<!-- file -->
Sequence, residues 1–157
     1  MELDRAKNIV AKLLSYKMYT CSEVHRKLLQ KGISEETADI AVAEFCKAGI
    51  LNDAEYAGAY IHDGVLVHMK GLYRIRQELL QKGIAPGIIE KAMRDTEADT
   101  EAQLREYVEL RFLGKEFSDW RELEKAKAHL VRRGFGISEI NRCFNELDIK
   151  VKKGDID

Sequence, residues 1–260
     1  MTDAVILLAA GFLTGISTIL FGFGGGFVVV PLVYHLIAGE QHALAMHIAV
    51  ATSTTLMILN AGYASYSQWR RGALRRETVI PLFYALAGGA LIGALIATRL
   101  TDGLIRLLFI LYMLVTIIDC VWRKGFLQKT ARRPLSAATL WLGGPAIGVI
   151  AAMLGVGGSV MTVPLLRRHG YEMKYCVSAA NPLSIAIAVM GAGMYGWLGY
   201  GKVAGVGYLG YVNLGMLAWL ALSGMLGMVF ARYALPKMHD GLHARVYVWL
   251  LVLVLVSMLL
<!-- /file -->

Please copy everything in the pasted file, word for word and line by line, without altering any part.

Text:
Sequence, residues 1–157
     1  MELDRAKNIV AKLLSYKMYT CSEVHRKLLQ KGISEETADI AVAEFCKAGI
    51  LNDAEYAGAY IHDGVLVHMK GLYRIRQELL QKGIAPGIIE KAMRDTEADT
   101  EAQLREYVEL RFLGKEFSDW RELEKAKAHL VRRGFGISEI NRCFNELDIK
   151  VKKGDID

Sequence, residues 1–260
     1  MTDAVILLAA GFLTGISTIL FGFGGGFVVV PLVYHLIAGE QHALAMHIAV
    51  ATSTTLMILN AGYASYSQWR RGALRRETVI PLFYALAGGA LIGALIATRL
   101  TDGLIRLLFI LYMLVTIIDC VWRKGFLQKT ARRPLSAATL WLGGPAIGVI
   151  AAMLGVGGSV MTVPLLRRHG YEMKYCVSAA NPLSIAIAVM GAGMYGWLGY
   201  GKVAGVGYLG YVNLGMLAWL ALSGMLGMVF ARYALPKMHD GLHARVYVWL
   251  LVLVLVSMLL